If you went to Sunday school, you heard the story of Jonah and chances are you remember that he was swallowed by a whale. But what often gets forgotten is the story’s larger theme. Jonah is given a divine message and is instructed to deliver it to a people on the verge of calamity but, for some specific reasons, he’s reluctant.

Minus hearing the voice of God, for the last couple of weeks, I’ve felt a little like Jonah.

The information I’m delivering relates to a study some colleagues and I conducted that explored mainline Protestant churches. Since the 1960s, churches in the Anglican, Lutheran, Presbyterian, and United denominations have been steadily losing members and we wanted to determine why.

Through statistical analysis of survey data from a near-even mix of growing and declining church attendees and their clergy, we found that conservative religious doctrine, known for emphasizing a more literal interpretation of scripture, is a key driver for church growth in mainline Protestant congregations. Liberal doctrine, which emphasizes a metaphorical interpretation, leads to decline.

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Posted in * Christian Life / Church Life, * Culture-Watch, * International News & Commentary, America/U.S.A., Canada, Evangelism and Church Growth, Ministry of the Laity, Ministry of the Ordained, Parish Ministry, Religion & Culture, Sociology, Theology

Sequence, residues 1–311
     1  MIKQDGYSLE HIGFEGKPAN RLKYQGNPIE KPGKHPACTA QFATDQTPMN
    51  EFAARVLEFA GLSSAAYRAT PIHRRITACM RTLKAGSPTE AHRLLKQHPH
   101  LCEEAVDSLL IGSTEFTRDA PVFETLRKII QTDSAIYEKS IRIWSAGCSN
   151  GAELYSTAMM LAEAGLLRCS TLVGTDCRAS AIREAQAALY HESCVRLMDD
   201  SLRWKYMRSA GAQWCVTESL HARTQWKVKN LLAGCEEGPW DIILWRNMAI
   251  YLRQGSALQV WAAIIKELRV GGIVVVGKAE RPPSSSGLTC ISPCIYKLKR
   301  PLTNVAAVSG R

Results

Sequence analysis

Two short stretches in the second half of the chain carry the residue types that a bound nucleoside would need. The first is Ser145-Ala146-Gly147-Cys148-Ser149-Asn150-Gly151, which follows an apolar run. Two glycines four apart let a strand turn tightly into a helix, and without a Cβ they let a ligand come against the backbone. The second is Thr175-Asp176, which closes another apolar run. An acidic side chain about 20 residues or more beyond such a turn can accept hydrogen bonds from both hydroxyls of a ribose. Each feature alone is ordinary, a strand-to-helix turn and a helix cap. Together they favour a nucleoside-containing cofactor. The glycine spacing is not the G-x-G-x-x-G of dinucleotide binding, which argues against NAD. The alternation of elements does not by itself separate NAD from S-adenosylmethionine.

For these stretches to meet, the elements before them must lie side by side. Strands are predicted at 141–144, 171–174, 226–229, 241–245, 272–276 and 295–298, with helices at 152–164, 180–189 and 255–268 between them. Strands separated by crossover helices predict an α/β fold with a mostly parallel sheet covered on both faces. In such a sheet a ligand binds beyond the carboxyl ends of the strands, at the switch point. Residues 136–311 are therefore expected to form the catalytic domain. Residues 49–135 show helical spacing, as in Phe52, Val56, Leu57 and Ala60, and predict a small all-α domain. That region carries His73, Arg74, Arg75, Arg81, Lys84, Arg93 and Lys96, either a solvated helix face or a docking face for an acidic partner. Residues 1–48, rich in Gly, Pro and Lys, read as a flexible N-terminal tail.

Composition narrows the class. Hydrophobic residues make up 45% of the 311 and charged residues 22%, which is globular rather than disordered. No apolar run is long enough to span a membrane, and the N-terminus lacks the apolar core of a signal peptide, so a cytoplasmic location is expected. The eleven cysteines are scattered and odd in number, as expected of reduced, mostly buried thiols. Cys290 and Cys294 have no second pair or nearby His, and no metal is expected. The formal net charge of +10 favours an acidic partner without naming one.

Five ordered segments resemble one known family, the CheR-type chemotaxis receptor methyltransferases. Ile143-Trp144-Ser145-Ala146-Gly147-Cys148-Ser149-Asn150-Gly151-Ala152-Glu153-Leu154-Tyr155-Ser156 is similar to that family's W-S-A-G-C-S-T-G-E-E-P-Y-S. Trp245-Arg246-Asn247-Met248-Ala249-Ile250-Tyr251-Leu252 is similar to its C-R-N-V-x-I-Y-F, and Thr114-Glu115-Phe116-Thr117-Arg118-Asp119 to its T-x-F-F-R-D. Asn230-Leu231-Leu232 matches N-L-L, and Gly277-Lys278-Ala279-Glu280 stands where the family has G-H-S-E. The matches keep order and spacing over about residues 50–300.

([London] Times) Most Muslims want full integration with British way of life

More than half of British Muslims want to “fully integrate” with society, according to the most extensive survey of its kind.

Research involving more than 3,000 Muslims shows that they broadly share the views and priorities of the wider population, rather than being shaped by supposedly “Islamic” concerns. Ninety-three per cent feel a fairly or very strong attachment to Britain and are likely to identify the NHS, unemployment and immigration as the biggest issues facing the country.

British Muslims were more likely than the general population to condemn terrorism, the survey by ICM and Policy Exchange, the right-of-centre think tank, found. They were also more likely to give credence to conspiracy theories that the United States government or Jewish influences were behind the September 11 attacks.

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Posted in * Culture-Watch, * International News & Commentary, * Religion News & Commentary, England / UK, Ethics / Moral Theology, Islam, Multiculturalism, pluralism, Other Faiths, Religion & Culture, Sociology, Theology

(Gallup) A Record-High 77% of Americans Perceive Nation as Divided

Seventy-seven percent of Americans, a new high, believe the nation is divided on the most important values, while 21% believe it is united and in agreement. Over the past 20+ years, the public has tended to perceive the nation as being more divided than united, apart from two surveys conducted shortly after the 9/11 terrorist attacks.

The latest poll was conducted Nov. 9-13 after a contentious presidential campaign involving the two of the least popular candidates in postwar U.S. history, and as protests erupted nationwide in response to Donald Trump’s victory.

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Posted in * Culture-Watch, * Economics, Politics, * International News & Commentary, America/U.S.A., Office of the President, Politics in General, Psychology, Sociology

(Time) American marriage rates may be stabilizing after decades of decline

The U.S. divorce rate dropped for the third year in a row, reaching its lowest point in nearly 40 years, according to data released Thursday.